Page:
Waldron & Schneider

Working with Contractors on Home Improvement and Repairs

People often hire contractors for large home improvement projects and/or repairs.  Home remodels are typically challenging on their own, and dealing with an insurance loss due to some accident or natural disaster can be especially difficult.  Whether you are putting in your dream kitchen, adding an outside patio, or dealing with damage from a water leak, it is important to understand how contractors fit into your overall plan. 


PART 1 – Vetting the contractors


How do you pick a contractor?  Is it someone you know, did they do a project for your friend or neighbor, have you seen the company logo on a sign or vehicle in your neighborhood, have you been by their show room floor, is it a recommended contractor from a home improvement store, are you using the internet, did they leave a flier on your door?  No matter how you get connected with a potential contractor, it is important to vet the contractor as best as possible.


  1. Ask for references, and follow-up with references (make sure the contractor has experience in doing the work you are planning).
  2. Confirm how long the contractor has been in business (longevity is something to consider, but you want to ensure that the contractor is working under the same business. Contractors with issues, may shut down one entity and start a new entity, so confirm that this business has longevity, not just years of experience).
  3. Determine how the business is set up (is the contractor incorporated, is there an assumed name?). This is interrelated with how long the contractor has been in business, and you want to ensure the contractor is in good standing.
  4. Ask for insurance, and confirm insurance coverage (this should be in writing, and you can include insurance provisions in your contract to ensure the best protection is available).
  5. Check available online reviews (if there are online reviews, check for authenticity – some websites may allow the contractor to write their own reviews; if there is a negative review – ask the contractor about it, sometimes customers can be unreasonable even after a contractor bends over backwards).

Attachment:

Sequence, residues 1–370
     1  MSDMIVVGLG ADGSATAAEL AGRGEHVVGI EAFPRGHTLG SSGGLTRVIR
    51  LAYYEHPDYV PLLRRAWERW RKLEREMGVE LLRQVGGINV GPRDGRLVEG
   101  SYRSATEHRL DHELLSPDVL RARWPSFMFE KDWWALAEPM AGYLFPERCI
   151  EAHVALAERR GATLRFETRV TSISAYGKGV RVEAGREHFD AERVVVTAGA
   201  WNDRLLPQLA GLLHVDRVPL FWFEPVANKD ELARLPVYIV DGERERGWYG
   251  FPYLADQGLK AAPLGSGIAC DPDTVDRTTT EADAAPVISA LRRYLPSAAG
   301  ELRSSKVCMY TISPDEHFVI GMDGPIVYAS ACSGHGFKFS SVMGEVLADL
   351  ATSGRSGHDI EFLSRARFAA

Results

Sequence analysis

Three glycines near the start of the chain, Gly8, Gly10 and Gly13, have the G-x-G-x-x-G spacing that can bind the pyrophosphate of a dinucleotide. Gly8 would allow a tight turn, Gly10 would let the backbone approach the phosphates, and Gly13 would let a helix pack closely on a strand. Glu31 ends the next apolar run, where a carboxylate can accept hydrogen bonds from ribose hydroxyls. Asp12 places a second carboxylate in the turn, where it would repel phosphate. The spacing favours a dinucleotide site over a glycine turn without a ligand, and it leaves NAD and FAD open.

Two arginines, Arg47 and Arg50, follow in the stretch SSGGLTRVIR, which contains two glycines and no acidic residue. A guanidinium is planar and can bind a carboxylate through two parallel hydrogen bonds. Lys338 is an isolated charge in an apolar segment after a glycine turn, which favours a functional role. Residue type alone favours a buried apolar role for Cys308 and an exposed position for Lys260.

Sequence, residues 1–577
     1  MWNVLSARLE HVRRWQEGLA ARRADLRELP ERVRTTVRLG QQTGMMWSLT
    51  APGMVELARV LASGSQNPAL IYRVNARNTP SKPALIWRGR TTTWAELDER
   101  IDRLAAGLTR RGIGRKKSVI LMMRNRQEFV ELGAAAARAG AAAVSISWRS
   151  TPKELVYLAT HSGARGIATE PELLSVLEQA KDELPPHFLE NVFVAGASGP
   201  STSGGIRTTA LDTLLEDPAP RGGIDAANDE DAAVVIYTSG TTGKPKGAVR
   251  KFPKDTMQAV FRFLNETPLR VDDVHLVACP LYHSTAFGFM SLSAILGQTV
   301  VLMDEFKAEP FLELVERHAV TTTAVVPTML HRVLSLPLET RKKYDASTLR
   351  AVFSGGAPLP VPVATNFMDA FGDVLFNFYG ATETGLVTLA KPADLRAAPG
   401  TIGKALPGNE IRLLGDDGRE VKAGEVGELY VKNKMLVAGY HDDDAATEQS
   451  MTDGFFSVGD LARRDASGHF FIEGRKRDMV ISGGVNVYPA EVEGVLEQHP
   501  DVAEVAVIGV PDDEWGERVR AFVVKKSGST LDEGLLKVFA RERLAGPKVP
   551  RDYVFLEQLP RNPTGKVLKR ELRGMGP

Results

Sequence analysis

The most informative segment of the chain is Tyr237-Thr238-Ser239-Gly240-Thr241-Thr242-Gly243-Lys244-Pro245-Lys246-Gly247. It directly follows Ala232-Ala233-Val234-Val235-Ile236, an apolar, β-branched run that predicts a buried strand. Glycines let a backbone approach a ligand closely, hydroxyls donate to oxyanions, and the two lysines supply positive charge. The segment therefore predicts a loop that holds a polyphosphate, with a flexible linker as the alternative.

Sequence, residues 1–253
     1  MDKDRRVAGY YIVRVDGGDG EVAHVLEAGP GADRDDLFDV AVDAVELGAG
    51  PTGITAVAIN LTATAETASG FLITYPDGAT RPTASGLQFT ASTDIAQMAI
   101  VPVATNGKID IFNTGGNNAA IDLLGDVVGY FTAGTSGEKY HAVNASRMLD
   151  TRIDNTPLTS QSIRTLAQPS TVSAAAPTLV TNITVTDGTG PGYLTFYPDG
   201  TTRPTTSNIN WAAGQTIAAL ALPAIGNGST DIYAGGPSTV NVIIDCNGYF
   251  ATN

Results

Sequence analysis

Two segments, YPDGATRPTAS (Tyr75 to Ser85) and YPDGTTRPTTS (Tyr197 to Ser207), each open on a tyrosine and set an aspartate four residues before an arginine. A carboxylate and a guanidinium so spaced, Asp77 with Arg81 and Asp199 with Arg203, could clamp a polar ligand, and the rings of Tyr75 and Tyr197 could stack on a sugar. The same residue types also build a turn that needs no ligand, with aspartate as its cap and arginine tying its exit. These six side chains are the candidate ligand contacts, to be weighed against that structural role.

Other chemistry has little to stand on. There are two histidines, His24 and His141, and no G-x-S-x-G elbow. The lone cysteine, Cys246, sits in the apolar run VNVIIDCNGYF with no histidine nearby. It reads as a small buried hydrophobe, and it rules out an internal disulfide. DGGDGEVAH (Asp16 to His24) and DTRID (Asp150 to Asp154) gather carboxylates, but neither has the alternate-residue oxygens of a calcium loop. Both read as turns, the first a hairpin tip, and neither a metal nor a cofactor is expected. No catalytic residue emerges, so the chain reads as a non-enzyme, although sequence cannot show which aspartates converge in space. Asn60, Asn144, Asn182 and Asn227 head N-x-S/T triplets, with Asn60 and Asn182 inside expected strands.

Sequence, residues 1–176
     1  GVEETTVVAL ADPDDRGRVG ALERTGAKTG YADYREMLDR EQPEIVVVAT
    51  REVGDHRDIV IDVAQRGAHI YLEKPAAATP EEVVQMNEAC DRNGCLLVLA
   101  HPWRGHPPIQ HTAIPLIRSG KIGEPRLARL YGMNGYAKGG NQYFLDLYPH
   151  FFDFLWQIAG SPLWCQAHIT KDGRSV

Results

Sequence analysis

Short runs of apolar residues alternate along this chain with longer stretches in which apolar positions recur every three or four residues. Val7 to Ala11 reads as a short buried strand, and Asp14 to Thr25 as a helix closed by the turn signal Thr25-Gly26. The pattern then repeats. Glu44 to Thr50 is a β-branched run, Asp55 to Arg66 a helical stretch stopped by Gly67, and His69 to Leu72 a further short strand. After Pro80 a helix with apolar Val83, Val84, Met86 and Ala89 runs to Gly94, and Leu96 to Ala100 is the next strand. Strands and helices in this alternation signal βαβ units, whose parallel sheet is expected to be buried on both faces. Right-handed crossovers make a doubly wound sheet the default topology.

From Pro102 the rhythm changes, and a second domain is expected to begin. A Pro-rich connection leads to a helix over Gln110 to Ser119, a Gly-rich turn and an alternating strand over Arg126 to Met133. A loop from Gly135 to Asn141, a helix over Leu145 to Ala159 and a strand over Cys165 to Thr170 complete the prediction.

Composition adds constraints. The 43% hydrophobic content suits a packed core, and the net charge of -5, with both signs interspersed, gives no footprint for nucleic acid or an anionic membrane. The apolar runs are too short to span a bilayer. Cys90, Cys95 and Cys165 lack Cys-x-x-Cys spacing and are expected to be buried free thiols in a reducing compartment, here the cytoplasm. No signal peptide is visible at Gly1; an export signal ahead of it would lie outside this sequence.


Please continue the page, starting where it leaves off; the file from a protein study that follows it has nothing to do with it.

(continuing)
General Comment


Don’t sign anything yet!  Once you have found a contractor that you believe is qualified and competent to do the project you have planned, it is important to have a good agreement in place.  Our next topic will deal with common types of contracts that are used for home improvements and repairs.


The legal information in this blog entry is not intended to be a substitute for seeking personalized legal advice from an attorney licensed to practice in your jurisdiction.  Further, nothing contained in this article is intended to create an attorney-client relationship with any reader.  This article and website are made available by Waldron & Schneider for educational purposes only and to give basic information and a general understanding of the law, not to provide specific legal advice. By using this website you understand that there is no attorney client relationship between you and Waldron & Schneider. The article and website should not be used as a substitute for competent legal advice from a licensed professional attorney in your state. For more information or questions you can contact us and one of our attorneys will be in touch soon.

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    Fabulous!! Congratulations to two amazing people who serve our community well🥰

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